Thursday, November 29, 2012


seen @ Regal Union Square Stadium 14, New York, NY

Alfred Hitchcock has been a recurring theme this year. I've been involved in two different blogathons devoted to him - one to raise awareness of a found silent film he worked on, and the other devoted to films that attempted to capture his spirit.

How would Hitchcock fare today? One likes to believe that even amidst a market dominated by superheroes, sci-fi and animated kiddie fare, he would still have an active and thriving audience. The closest analogous modern filmmaker to Hitchcock might be David Fincher, and he does alright for himself, all things considered. 

However, part of what made Hitchcock unique was the fact that few other Hollywood directors of his era made the kind of films he did, a point that the movie Hitchcock makes clear, as it delves into the making of arguably his most popular film, Psycho. I always liked Psycho, though the final ten minutes strike me as anti-climactic. Once Norman Bates has been caught, there's not much more to say, in my opinion. 

Early in Hitchcock, Anthony Hopkins, as the master of suspense (unrecognizable in all that makeup!), ponders working in horror, a long-scorned genre, and says something like, "What if someone good made a horror movie?" What if, indeed? I know there are many fans who like their horror cheap and campy and silly, and that can be fun sometimes, but it seems that horror, like sci-fi, rarely attracts A-list directors. 

Often, sci-fi/horror directors become A-listers through their body of work within that material, like James Cameron or Sam Raimi. Still, back in the late 50s/early 60s, genre work was nowhere near as popular as it is now, so for someone like Hitchcock, it really could be considered "slumming."

Getting back to the question of how Hitch would fare in today's Hollywood, I think he would also have to contend with the problem of smaller budgets (relatively speaking) for the kind of material he does. I think cable television would absolutely appeal to him; he did have his own TV show for many years, after all. If he only gets $25 million to make a movie that should be made for $40 million, that's a problem - but it might not be if he went to HBO with it, especially if he didn't have to worry about things like appealing to foreign markets.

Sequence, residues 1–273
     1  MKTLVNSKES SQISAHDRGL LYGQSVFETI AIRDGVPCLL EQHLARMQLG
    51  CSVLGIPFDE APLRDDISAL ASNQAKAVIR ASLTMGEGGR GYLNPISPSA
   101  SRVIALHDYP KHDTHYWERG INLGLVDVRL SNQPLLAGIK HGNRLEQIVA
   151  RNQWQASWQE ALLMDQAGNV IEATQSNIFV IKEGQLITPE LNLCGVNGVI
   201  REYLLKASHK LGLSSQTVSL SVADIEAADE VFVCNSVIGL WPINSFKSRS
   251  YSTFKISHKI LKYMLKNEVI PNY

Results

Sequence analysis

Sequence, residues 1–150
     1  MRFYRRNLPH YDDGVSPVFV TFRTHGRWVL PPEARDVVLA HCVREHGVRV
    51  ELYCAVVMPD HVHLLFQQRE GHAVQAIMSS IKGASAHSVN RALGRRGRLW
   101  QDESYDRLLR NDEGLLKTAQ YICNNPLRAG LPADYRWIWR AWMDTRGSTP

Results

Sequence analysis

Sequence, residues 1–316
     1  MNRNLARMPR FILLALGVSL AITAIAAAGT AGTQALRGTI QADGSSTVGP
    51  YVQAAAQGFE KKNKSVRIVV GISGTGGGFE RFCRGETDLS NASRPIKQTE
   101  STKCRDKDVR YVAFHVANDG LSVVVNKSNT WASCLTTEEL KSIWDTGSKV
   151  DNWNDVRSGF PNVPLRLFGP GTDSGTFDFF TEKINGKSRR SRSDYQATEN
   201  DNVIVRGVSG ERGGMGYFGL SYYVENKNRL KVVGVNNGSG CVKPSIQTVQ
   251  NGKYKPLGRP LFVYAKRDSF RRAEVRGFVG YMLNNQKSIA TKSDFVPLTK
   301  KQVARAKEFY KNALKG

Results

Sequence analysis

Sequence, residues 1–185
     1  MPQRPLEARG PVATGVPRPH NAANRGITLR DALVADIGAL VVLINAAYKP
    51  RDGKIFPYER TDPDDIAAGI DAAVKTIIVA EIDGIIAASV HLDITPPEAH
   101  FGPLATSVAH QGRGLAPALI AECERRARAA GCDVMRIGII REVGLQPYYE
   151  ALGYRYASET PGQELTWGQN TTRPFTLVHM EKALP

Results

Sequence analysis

Hitchcock wasn't bad, although some of the dialogue is a little on-the-nose sometimes: for instance, towards the end, Helen Mirren, who play Hitch's wife and collaborator Alma Reville, says after Psycho becomes a hit, "This could be your biggest movie ever!" I had never known Hitch's wife was such a big part of his career, so it was cool to see how she played a part in Hitch's filmography, and of course, Mirren was marvelous.

I saw this with Vija at the Union Square, a theater I used to frequent a lot more back when it first opened. Then it got way too expensive (Hitchcock is my first $14 non-3D film, ladies and germs), not that it deters anybody from going there. Our screening was a near-sellout. We ended up sitting in the third or fourth row, which Vija wasn't crazy about, but we managed fine. The funniest moment was during the trailer for the new version of The Great Gatsby: there were a few young women sitting behind me, and when Leonardo DiCaprio first appears in the trailer, about half a minute in or so, they all gasped "OH MY GOD!" That got quite a few laughs, actually.

Monday, November 26, 2012

Pi-in-the-sky links

Not much to say this week except that I'm not sure I'll be able to see as many new movies this season as I'd like to, for the simple reason that there's soooooooo much to see! There's a second-run theater not too far from me that I suspect I may employ in the coming weeks in an effort to play catch-up. Plus, TCM's Star of the Month next month is Barbara Stanwyck, and you know I'm gonna write a few posts for that. At this rate, I may not have a Top 10 list ready until next February...

Dorian serves up a twin bill of Bob Hope/Paulette Goddard movies.

I liked Chitty Chitty Bang Bang as a kid, but probably wouldn't watch it now. John's friend Jeff explains why, hilariously.